SHANGHAI -- China-based electric car startup Byton, which has planned sales in the U.S., said Tuesday it will suspend production starting July 1 to conduct a reorganization of the automaker after being hit by the coronavirus pandemic.
The company, which is backed by state-owned automaker FAW Group and battery supplier Contemporary Amperex Technology, said it was also actively raising funds to address issues relating to unpaid staff salaries and that it hoped to start paying employees from July.
The suspension is set to last six months, closely held Byton told staff in an email seen by Bloomberg News.
"The new coronavirus epidemic has brought great challenges to Byton's financing and production operations," the company said in a statement. "After careful consideration and joint consultations with our shareholders and management, we have decided to, from July 1, kickstart a plan to lower employee costs and promote the company's strategic reorganization."
Byton produces all of its vehicles at a plant in Nanjing. Starting Wednesday it will suspend most operations in China, where its activities include research and development.
In April, industry website Electrek reported that Byton had put hundreds of employees from its Santa Clara facility in California on furlough.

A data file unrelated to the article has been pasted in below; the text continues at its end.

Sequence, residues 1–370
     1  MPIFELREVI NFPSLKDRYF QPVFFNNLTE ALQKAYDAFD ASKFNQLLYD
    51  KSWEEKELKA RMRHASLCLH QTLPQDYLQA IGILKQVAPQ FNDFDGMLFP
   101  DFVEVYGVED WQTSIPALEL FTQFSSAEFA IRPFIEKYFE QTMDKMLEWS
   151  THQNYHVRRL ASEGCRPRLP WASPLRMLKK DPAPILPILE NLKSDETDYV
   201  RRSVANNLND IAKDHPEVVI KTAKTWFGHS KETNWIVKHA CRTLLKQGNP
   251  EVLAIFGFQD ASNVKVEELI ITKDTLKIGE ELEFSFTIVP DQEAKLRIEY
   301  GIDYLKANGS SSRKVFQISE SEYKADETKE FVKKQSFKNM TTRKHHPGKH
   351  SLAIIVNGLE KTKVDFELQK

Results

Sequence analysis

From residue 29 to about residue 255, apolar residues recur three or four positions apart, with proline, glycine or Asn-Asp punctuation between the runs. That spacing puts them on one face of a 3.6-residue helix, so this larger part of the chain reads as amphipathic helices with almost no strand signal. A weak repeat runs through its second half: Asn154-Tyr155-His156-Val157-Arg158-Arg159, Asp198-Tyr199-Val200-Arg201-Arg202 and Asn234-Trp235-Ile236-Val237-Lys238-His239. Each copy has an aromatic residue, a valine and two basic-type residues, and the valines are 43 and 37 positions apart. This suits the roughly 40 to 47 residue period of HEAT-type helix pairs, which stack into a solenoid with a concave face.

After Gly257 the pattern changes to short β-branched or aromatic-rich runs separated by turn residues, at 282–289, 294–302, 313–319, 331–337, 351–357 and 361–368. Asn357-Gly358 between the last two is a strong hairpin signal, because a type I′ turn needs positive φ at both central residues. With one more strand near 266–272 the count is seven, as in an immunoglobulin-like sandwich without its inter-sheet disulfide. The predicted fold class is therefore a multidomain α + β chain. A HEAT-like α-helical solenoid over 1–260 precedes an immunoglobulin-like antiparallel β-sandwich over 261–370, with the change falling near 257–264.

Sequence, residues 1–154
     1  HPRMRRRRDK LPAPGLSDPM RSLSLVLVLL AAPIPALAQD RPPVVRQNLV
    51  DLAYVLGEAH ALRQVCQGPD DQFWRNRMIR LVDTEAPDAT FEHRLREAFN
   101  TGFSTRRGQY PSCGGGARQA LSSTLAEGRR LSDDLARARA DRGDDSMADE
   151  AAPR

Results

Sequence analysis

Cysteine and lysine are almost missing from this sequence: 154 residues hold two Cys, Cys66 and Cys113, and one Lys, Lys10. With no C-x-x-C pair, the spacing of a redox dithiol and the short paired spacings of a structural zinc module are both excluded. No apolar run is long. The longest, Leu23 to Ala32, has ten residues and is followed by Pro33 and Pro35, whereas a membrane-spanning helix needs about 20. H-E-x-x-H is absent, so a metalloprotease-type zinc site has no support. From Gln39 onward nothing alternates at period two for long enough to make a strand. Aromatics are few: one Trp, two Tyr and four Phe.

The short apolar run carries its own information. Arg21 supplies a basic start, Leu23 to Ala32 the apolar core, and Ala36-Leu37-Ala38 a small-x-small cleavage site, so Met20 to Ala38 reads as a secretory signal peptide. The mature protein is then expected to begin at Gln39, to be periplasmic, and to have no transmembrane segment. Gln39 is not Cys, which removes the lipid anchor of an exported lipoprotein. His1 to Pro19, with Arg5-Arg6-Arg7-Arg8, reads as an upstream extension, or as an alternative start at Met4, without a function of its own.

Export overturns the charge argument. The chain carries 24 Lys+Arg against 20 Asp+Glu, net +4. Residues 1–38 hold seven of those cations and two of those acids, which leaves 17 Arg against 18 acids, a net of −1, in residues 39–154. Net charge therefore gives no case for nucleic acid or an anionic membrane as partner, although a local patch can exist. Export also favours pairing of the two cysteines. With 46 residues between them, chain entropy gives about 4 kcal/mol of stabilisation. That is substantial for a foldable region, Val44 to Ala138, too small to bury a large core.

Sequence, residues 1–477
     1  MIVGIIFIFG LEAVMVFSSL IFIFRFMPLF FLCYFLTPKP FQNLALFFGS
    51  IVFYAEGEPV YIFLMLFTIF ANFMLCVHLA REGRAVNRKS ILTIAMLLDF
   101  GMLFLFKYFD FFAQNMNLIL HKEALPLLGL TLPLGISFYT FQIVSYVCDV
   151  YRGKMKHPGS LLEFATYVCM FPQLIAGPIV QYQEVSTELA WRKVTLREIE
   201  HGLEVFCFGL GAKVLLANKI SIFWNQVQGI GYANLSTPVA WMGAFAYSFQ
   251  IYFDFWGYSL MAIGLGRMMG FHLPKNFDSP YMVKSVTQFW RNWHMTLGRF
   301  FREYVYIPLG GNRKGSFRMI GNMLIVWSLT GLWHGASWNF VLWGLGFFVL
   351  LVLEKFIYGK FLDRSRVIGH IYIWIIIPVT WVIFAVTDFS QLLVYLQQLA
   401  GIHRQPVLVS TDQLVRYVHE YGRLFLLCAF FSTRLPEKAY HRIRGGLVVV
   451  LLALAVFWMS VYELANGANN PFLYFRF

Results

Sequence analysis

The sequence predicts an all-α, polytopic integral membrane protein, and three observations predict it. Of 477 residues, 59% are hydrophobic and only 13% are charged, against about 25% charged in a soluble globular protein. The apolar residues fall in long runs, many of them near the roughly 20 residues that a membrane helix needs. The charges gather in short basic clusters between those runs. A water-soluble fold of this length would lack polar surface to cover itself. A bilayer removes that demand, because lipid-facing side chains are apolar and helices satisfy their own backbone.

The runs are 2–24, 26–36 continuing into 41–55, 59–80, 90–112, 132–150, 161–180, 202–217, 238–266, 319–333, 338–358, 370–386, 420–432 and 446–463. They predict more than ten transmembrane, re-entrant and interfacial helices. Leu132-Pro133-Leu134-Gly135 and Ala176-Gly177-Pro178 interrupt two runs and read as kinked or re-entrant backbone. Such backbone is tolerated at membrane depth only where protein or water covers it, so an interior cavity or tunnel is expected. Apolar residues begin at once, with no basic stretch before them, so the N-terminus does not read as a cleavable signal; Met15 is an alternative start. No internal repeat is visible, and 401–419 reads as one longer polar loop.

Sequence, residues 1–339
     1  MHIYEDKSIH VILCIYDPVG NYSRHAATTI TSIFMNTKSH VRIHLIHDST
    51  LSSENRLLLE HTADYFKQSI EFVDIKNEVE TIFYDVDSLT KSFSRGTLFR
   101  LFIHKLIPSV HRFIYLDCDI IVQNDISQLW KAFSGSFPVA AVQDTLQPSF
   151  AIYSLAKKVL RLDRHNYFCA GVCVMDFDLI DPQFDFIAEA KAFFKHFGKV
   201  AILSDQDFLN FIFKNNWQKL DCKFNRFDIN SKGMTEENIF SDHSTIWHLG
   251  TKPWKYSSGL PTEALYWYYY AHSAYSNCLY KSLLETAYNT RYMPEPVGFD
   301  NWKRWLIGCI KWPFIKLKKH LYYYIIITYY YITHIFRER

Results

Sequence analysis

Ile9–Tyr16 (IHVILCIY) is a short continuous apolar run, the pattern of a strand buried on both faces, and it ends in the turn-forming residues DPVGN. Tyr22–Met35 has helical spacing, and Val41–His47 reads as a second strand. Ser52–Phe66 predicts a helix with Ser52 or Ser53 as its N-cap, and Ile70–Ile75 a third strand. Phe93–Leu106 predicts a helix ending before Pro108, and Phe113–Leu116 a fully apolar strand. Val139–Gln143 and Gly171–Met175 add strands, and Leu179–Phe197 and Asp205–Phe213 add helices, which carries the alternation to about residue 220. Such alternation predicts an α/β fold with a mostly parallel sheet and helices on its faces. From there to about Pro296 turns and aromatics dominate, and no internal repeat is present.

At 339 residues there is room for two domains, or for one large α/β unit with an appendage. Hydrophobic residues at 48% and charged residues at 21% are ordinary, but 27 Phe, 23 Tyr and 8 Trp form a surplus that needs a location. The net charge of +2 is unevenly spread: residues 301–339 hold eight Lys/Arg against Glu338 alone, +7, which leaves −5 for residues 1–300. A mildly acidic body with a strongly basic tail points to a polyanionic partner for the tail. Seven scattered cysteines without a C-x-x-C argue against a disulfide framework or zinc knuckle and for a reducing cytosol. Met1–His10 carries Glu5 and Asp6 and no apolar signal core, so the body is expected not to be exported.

Byton was launched in September 2017 by Future Mobility Corp, a company co-founded by former BMW and Nissan executives, and also has software and design facilities in the United States and Germany.
Byton earlier this year said it planned to launch sales of its first product, the M-Byte electric crossover, in Germany, Switzerland, Norway, France, the Netherlands and Sweden in the second half of 2021.
The automaker said in November it received licenses to sell the vehicle in California in a move that Byton said paves the way for North American sales in 2021.
Byton is among a series of Chinese electric vehicle manufacturing startups that have emerged in recent years to challenge foreign companies like Tesla.
China, which has been eager to curb smog and spur its own auto industry, has said it wants so-called new energy vehicles to account for 25 percent of auto sales by 2025, up from around 5 percent currently.
But the appetite to fund such startups began falling last year and has been dealt a further, heavy blow by the coronavirus pandemic, leaving a number fighting to survive.
In May, sales of NEVs fell for an 11th month to 82,000 units, China's largest auto industry association said. NEVs include battery-powered electric, plug-in gasoline-electric hybrid and hydrogen fuel-cell vehicles.
Bloomberg contributed to this report.